Broadchurch Season 2 Episode 1

Posted on March 05, 2015

Broadchurch-Season-2-Episode-1-Television-Series-Review-Tom-Lorenzo-Site-TLOOlivia Colman in BBC America’s “Broadchurch”

 

Because the first season of Broadchurch wrapped itself up so perfectly, and because the American version of the show, Gracepoint, never got above mediocre in quality, we had no real expectations going into this season. We didn’t avail ourselves of the many ways in which it became available for viewing outside the U.K. before now and we didn’t pay attention to any casting decisions or plot particulars. This allowed for a particular form of delight for us last night, as seemingly half the British acting community got cast for this season and no one told us. It was a string of recognizable faces popping up to our delight, followed by a constant refrain of “Ooohh, I love him/her!”

Truth be told, we weren’t sure there was a reason to return to the story at all, although we were mostly interested in the revisit, simply because we enjoy the cast so much. Any chance for Olivia Colman to do her harried and bluntly self-deprecating schtick is a thing worth watching, as far as we’re concerned. What surprised us most about this season opener was just how easily the story picked up again and how effortlessly we fell right back into it. We were wrong, it seems. There is, in fact, more story to be told here.

As good as the cast can be, the main character of Broadchurch is Broadchurch itself, so in order to continue the story after Danny Latimer’s killer has been arrested, you have to examine what’s happened to that community and all the people in it in the wake of such a horrific event. Season one was Broadchurch reacting to a horrible murder. Season two – or at least the first episode of it – is about Broadchurch reacting to a horrible murderer. Joe Miller’s unexpected – and totally shitty – “not guilty” plea is the event that sets everything off. The Latimers are, on the surface at least, ready to move on. Hardy is – again, on the surface – trying to make things right in his life. Ellie is desperate to pull what remains of her family together and forget as much as she can. And once again, these emotional disruptions ripple outward in the community, drawing major institutions like the press and the church into the fray, reigniting rivalries and competing agendas up and down the coastline. Similar to what we said about Empire earlier today, Broadchurch is formulaic, but right now, it’s still on the good side of formulaic.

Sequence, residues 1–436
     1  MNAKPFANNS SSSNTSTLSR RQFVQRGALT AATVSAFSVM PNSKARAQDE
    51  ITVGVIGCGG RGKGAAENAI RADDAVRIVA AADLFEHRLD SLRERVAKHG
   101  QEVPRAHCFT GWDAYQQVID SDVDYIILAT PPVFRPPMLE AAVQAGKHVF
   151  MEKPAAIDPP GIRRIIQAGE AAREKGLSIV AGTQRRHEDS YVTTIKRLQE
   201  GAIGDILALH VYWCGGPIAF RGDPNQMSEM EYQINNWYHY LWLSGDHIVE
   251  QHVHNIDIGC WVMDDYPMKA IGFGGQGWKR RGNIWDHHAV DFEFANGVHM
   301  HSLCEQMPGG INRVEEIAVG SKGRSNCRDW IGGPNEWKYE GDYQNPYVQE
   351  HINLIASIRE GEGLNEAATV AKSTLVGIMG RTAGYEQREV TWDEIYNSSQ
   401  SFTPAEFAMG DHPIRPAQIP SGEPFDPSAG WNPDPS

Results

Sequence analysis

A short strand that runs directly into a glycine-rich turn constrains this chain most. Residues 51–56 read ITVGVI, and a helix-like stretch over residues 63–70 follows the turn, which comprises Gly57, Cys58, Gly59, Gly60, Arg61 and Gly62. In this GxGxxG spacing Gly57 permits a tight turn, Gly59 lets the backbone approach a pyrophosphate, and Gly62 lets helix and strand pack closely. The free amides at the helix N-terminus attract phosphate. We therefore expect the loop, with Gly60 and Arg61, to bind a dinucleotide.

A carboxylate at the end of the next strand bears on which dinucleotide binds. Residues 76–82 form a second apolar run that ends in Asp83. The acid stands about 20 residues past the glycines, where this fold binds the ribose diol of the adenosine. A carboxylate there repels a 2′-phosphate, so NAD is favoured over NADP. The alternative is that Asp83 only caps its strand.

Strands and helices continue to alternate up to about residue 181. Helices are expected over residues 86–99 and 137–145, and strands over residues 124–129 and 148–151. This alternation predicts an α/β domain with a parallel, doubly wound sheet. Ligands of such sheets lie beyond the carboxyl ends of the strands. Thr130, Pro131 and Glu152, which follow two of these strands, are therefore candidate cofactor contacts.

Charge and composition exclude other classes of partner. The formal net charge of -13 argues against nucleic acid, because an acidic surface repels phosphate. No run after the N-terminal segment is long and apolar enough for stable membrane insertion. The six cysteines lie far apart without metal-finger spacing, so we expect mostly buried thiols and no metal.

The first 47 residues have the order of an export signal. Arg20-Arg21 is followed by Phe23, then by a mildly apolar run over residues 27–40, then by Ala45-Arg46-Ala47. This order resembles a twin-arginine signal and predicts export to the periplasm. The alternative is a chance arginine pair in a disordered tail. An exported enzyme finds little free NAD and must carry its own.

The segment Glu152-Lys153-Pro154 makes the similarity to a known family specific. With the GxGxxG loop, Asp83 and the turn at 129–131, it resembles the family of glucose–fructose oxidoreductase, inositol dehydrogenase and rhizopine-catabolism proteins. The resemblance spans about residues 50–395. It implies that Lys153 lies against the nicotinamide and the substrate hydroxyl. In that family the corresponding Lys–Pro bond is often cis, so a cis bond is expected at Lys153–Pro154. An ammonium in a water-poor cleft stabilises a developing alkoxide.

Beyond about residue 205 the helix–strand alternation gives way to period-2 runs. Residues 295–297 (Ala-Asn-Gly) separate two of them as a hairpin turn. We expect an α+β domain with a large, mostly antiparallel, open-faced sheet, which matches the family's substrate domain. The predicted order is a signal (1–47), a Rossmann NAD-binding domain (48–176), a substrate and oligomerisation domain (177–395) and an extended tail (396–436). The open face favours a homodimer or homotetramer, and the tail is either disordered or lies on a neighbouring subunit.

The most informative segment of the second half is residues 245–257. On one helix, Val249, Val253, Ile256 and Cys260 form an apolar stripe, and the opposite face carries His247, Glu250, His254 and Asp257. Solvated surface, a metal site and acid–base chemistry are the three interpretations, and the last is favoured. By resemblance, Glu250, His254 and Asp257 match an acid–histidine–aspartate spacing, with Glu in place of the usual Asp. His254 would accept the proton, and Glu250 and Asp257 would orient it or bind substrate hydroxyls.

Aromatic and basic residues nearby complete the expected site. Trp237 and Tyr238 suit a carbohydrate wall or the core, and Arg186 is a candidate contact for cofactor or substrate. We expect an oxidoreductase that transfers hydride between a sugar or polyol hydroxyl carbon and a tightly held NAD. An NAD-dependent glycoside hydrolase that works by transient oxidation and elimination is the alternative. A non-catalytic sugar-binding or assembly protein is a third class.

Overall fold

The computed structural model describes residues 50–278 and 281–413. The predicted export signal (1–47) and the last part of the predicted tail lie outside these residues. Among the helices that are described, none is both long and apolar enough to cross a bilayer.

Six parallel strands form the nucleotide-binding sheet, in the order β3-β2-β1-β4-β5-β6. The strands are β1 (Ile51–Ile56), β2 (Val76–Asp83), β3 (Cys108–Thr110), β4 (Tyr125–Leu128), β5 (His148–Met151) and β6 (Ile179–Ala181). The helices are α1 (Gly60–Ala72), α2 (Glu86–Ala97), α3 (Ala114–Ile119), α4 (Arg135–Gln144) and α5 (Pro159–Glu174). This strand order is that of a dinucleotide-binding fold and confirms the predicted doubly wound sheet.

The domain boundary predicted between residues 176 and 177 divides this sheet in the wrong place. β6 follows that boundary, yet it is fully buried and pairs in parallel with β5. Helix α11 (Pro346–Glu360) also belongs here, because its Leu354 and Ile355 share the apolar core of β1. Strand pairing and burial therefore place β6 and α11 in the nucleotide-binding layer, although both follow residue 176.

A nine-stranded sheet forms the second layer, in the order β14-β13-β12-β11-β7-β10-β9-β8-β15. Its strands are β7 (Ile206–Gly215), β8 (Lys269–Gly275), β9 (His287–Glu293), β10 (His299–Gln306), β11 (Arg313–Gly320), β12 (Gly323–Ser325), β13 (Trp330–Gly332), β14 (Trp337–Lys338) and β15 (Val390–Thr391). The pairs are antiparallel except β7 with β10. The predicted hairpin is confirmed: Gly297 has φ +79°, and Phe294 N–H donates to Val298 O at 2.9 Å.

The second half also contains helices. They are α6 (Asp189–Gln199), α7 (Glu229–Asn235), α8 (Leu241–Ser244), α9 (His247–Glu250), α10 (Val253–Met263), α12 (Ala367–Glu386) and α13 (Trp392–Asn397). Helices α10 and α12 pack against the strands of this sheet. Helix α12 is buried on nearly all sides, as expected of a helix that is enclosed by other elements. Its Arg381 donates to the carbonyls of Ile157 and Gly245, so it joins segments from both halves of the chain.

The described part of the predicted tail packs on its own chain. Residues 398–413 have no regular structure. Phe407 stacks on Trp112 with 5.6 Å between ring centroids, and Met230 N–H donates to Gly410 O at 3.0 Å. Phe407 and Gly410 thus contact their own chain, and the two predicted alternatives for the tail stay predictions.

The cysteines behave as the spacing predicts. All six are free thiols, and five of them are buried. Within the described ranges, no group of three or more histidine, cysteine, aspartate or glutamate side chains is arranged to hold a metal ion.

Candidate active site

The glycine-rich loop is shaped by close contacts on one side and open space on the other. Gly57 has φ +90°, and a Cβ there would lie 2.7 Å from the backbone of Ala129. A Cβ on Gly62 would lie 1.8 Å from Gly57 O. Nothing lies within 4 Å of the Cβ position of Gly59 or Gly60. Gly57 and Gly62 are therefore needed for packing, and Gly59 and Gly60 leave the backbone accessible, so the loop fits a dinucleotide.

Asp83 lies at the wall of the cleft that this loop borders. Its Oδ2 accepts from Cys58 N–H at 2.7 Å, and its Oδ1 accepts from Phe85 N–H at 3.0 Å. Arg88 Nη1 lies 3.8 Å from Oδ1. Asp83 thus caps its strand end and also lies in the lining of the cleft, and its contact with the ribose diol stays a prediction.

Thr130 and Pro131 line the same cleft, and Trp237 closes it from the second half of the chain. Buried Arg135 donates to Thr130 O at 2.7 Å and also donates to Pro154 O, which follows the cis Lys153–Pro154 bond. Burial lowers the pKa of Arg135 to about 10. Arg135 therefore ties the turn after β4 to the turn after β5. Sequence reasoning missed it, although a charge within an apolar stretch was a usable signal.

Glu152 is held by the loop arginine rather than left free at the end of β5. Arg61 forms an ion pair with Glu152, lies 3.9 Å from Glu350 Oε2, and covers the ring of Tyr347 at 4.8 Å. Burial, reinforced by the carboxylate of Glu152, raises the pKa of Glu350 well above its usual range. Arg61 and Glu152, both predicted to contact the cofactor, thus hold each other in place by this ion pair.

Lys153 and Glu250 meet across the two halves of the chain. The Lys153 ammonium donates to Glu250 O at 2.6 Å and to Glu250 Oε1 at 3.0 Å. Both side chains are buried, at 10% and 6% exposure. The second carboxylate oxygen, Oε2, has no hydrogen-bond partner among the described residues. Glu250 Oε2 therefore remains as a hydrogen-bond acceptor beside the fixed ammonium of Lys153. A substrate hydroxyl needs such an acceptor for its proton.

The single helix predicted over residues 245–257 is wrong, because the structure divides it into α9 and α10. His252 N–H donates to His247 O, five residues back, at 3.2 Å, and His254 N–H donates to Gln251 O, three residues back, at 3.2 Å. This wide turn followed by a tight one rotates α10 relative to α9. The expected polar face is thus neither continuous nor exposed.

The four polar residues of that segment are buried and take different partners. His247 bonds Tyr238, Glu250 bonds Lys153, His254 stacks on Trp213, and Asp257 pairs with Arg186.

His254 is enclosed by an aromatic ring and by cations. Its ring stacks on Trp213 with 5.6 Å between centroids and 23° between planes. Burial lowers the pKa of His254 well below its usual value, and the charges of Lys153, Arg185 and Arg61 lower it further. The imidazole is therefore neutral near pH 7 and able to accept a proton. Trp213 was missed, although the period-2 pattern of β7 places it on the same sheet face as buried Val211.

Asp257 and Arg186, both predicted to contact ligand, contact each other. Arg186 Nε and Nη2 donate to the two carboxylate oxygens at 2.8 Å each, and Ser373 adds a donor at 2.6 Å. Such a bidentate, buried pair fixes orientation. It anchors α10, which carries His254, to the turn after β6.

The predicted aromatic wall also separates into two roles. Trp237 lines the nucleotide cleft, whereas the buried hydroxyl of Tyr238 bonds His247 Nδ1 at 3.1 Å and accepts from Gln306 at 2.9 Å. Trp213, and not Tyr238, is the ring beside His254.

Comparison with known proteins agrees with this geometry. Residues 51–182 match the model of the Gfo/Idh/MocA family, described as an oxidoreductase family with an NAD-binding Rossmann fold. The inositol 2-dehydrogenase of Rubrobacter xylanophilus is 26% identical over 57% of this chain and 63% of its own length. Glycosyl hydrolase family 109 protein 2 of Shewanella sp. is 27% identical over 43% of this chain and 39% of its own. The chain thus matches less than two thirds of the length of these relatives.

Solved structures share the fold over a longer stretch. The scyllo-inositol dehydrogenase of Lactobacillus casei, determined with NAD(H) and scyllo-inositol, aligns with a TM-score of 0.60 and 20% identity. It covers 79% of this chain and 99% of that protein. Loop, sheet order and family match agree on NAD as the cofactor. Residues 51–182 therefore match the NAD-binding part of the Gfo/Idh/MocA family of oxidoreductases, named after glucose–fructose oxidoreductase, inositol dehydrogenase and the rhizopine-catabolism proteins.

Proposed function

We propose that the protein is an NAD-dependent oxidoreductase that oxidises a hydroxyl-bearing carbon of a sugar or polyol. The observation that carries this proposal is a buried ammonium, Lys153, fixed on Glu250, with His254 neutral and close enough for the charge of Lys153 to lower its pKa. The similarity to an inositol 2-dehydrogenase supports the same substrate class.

And that formula gets expanded upon slightly, in an almost inevitable way. In order for Hardy’s character to have any sort of growth – and indeed, for him to remain in this story at all – you need to examine the apparently doomed case that fuels all his demons and drove him to Broadchurch in the first place. It’s expected, to be sure, but we’ll take the show going in this direction over adding another town murder, Jessica Fletcher-style, on top of Danny Latimer’s. The parallels to Ellie’s life are far too convenient and this direction could fall apart very easily, but for now, it feels not only right, but necessary for the show to go down this road. We couldn’t be kept in the dark about Hardy’s past forever. And besides, we have no complaints about having to look at James D’Arcy in a t-shirt.

There’s certainly nothing revolutionary in the story of a child murder turning a small town upside down, but Broadchurch in its first season was adept at making that community a living, breathing, relatable thing. And considering how many “a murder turns a community upside down” stories are told, not to mention how badly most of those versions are, the fact that Broadchurch can do this is a huge reason why it’s appealing and why it stands out from other, similar stories. It all stands or falls on how well drawn the characters are and how adept the actors are at playing them. On that front, Broadchurch is so good that the plot almost becomes a secondary concern. If there are scenes of Olivia Colman playing off David Tennant, then we’re in. No questions asked, sign us up. That the show has added Marianne Jean-Baptiste going up against Charlotte Rampling in court over the Latimer case is only the cherry on top of the narrative sundae. No matter what else happens, you can rest assured the acting is going to be top-shelf all the way through.

 

 

 

 

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[Photo Credit: ITV/Kudos]

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